Sunday 28 June 2009

Ever closer union

Right after the dignitaries, the first words of the 1957 Treaty establishing the European Economic Community (Treaty of Rome) read like this:

DETERMINED to lay the foundations of an ever closer union among the peoples of Europe, …


The United Kingdom refused to join at the beginning, then applied for membership in 1961, and was finally accepted as a member from 1973.

Time enough to read the first two lines of the treaty, I would think.

Ralf Grahn


  1. As an Irishman, I am reluctant to speak up for the Brits but they are getting such a pummelling from you lately that I feel compelled to say something contrary.

    It's now 42 years since Rome, and there has been a lot of integration since. One might still, I suggest, be faithful to the spirit of the founding fathers while believing that we have moved together closely enough, at lest for a while.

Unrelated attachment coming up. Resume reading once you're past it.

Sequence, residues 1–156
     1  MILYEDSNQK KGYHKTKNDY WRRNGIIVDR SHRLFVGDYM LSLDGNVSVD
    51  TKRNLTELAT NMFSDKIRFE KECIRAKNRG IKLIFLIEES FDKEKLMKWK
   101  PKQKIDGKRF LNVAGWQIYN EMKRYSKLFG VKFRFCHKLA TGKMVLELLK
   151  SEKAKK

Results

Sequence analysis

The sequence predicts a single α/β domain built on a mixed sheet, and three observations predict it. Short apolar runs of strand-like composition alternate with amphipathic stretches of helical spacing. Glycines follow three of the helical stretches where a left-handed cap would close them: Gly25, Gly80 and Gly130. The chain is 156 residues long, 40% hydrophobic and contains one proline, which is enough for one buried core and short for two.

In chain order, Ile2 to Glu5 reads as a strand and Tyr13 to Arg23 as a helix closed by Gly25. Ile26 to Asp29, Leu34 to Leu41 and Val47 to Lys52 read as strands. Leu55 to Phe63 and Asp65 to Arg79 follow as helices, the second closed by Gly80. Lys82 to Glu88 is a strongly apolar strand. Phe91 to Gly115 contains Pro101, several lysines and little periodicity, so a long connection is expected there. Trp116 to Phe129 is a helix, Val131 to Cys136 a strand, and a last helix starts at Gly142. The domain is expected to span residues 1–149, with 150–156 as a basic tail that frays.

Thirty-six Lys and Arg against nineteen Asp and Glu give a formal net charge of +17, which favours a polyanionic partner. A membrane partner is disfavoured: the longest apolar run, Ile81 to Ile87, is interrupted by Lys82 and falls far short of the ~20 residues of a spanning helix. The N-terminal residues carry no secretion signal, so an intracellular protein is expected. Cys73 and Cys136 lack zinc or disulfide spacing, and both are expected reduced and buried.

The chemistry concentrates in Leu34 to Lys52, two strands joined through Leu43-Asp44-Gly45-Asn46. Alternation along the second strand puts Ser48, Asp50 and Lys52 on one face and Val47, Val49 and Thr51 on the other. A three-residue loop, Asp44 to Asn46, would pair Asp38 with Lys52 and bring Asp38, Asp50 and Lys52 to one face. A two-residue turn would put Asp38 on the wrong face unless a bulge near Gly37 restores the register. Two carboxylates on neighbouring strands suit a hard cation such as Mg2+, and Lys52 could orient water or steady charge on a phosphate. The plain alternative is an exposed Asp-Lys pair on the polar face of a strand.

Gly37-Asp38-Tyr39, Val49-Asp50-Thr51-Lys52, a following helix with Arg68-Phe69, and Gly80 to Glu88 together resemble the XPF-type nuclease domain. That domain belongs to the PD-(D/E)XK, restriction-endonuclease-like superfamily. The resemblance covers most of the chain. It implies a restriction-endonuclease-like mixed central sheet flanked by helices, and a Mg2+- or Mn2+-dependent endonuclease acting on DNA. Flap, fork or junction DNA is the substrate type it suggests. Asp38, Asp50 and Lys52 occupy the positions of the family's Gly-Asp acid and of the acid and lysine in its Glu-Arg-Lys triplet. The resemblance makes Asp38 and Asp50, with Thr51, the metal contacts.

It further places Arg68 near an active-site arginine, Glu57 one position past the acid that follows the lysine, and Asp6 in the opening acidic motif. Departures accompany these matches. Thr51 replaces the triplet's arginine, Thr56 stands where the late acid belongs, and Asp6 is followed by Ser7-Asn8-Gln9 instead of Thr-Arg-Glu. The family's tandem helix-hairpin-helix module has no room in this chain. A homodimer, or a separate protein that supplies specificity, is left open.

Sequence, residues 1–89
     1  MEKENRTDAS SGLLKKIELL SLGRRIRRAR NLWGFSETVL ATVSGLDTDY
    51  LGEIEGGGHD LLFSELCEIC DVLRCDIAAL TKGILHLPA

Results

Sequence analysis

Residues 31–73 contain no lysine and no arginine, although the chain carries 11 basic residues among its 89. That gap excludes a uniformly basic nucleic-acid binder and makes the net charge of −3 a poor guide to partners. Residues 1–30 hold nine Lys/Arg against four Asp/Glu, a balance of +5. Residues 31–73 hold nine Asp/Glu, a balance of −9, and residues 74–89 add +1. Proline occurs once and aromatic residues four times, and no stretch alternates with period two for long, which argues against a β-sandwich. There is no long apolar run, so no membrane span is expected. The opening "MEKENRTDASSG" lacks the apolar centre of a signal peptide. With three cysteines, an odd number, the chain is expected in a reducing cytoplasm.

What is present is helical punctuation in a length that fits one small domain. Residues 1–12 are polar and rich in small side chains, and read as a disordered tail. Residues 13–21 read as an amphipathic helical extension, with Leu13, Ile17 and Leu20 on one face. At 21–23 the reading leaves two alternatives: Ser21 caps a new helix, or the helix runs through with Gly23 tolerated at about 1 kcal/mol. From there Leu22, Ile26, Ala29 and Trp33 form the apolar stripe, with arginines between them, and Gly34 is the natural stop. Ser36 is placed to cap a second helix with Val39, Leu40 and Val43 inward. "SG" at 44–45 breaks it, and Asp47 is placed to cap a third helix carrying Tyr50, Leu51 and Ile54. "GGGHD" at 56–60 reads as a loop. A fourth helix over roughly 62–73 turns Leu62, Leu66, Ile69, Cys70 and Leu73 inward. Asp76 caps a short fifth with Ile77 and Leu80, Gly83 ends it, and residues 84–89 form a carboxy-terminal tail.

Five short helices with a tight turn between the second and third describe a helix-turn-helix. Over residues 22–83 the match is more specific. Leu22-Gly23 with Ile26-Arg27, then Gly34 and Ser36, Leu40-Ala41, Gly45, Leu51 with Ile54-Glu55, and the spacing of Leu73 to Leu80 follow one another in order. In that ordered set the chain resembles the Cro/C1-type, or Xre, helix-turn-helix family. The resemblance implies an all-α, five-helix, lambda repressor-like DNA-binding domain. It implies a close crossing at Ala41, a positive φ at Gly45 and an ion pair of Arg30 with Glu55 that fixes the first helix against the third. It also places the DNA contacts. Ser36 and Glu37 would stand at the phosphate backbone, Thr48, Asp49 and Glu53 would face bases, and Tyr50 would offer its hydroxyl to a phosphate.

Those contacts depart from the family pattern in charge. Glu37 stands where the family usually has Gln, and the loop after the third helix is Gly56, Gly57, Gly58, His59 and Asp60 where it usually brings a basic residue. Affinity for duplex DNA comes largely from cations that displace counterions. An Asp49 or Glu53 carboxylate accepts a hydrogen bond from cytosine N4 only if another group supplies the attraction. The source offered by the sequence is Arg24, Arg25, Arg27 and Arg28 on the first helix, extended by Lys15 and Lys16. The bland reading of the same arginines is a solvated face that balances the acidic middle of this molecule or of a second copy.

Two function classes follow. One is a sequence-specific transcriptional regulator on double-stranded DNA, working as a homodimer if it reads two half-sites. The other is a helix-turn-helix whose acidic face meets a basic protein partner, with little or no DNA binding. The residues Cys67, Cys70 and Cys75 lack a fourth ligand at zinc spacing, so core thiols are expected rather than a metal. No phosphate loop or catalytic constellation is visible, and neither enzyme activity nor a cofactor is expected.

2. Fergus,

    You are quite right, Britain has been a recurring theme. As a consistently awkward partner, which has done much to limit integration, and with a probable Conservative government promising to put it into reverse, the UK deserves much more discussion as a European problem than it gets.

    My perspective is that of an EU citizen.

    I hope your personal view of the suitable level of integration for now includes the Lisbon Treaty ahead of the second referendum.


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